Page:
The language of the scriptures plays a key role. The shift over time from Urdu to Hindi and from Persian to Arabic is visible even in Rampur. The old Rohilkhand Seal and the Mughal Seal favored by Jehangir used Persian language, not Hindi (Devnagari) or Urdu or English (Roman) scripts.
On the top left most corner in the picture above is an image of a seal in old Persian language, which was used on a land grant issued by Jehangir in the year 1609. The seal contained the ruling emperor’s name in the centre surrounded by his Timurid ancestors. It became an important symbol of Mughal imperial authority and was noted by several contemporary European travellers. Below this seal is an image of a British map published in 1619 for the East India Company, which is the first to chart the Mughal empire, specifically locating its cities and rivers in detail. The map was made by the surveyor William Baffin in association with Sir Thomas Roe, England's first ambassador to Mughal India for 3 years during the reign of Jehangir. Thomas Roe had collected the geographical data on 37 cities for this map. This important map paved the way for the entry of the EIC into Surat and as the first detailed map of Northern India, it provided the basis for all future maps of India for the next hundred years.
On the top right hand side, the map depicts Jehangir’s dynastic / genealogical seal as an almost exact replica translated in English. Under the Rohilla Mohalla Project, we gave both the Persian and English version of Jehangir’s Seal to experts in old Persian language to translate the contents in Urdu as well. Once the slightly simplified design of this seal with its contents was traced onto a velvet cloth, master craftsman Iqbal Kamalzai embroidered the pattern and its contents with gold coloured wire pieces using the Zardozi technique (top extreme right in the picture above). This piece was recreated by hand embroidery as an important reminder of India’s past and its linguistic heritage.
Sufism, the esoteric path within Islam, prescribes the purification of oneself to achieve mystical union with God. It’s the way of the heart, with all of the sufi practices aimed at letting go of one’s ego, which is considered the biggest obstacle to realization.
Zikr (Jikr or Dhikr) and Fikr (embroidered on the bottom right cushion cover in the picture above) are the important first steps towards this realization in path of Sufism. Zikr, literally means remembrance of God and the continual remembrance enables the seeker to inscribe His name in one’s heart. The next stage of Fikr refers to deeper contemplation and introspection .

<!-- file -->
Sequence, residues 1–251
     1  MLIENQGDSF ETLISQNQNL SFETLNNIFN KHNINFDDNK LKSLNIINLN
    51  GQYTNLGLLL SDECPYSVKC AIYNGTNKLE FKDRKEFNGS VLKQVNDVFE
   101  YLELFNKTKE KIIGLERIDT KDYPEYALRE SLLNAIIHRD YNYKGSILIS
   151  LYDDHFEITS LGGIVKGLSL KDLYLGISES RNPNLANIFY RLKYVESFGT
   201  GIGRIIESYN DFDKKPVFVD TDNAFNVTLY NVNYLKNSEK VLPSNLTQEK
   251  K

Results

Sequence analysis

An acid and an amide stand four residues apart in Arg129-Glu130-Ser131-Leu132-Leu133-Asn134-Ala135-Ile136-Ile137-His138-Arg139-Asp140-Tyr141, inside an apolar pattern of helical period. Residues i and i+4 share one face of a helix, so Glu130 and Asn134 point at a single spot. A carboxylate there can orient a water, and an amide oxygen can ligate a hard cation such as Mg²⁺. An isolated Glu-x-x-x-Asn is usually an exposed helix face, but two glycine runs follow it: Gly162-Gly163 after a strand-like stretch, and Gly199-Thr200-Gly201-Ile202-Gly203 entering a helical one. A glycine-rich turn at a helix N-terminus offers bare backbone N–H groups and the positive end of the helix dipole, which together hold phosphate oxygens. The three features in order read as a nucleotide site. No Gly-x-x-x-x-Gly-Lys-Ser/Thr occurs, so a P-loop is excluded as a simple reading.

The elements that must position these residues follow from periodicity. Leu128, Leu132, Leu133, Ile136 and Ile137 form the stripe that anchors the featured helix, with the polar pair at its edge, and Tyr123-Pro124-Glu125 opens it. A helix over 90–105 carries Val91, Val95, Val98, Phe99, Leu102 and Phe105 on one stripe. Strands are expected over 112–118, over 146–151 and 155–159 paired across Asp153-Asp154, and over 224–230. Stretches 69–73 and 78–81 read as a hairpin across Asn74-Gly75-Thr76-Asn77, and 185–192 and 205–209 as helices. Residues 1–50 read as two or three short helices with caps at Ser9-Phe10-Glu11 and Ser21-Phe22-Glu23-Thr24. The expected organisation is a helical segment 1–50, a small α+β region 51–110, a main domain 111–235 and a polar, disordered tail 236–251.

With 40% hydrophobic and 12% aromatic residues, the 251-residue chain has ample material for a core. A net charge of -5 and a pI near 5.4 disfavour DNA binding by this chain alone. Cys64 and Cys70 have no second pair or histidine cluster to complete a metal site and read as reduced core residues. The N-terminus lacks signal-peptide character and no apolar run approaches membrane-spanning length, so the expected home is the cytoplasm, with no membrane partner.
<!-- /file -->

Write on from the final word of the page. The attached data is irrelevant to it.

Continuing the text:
Mannat, one of the popular practices in Sufism, refers to a wish or a vow. which when fulfilled is reciprocated by giving away alms to the needy or by visiting a shrine to offer gratitude. Dua denotesthe daily prayer and blessings received.
The Dervish is one of the most familiar symbols of the Sufi Practice, as being engaged in Zikr while participating in a dance like ceremony accompanied with music.
Master craftsman Mubashir Shaikh, recreated these gentle concepts of Sufism using the zardozi technique of Ari embroidery which is done using coloured silk threads. A set of silk cushion covers in this theme made for an exclusive and meaningful urban home décor product while also reminding the embroidery artisans of this important branch of the Islam.
The first letter of the Arabic alphabet is represented as Al Alif and is symbolic of the unity and transcendent infinity of God. The 17th century sufi poet Bulleh Shah sang Aik Alif teray darkaar, meaning that The One which is within you is all you need to know and to know The One is to be One with God.
This wall hanging was hand made as a sacred piece by zardozi artisan Iqbal Kamalzai on velvet cloth by using gold wire pieces.
Chadars for a mazar or mausoleum are embroidered only by select zardozi artisans in the old quarter of Rampur. They contain verses from the Quran and are hand made with utmost devotion. Few friends of the Rohilla Mohalla Project requested for these Chadars to be made as an homage which they wanted to offer at the shrine of Khwaja Moinuddin Chishti at Ajmer Sharif in Rajasthan.
No matter how elaborate the geometric pattern in Islamic art may be, they are always based on grids constructed using only a ruler and a pair of compasses, highlighting the mathematical precision and elegance of these designs. Under the Rohilla Mohalla project, a few of the simpler geometric patterns were recreated as this set of cotton cushion covers with the traditional Ari thread embroidery. This theme helped the artisans understand the importance of measurement and symmetry in creating aesthetically appealing designs which can be used to create utility home products.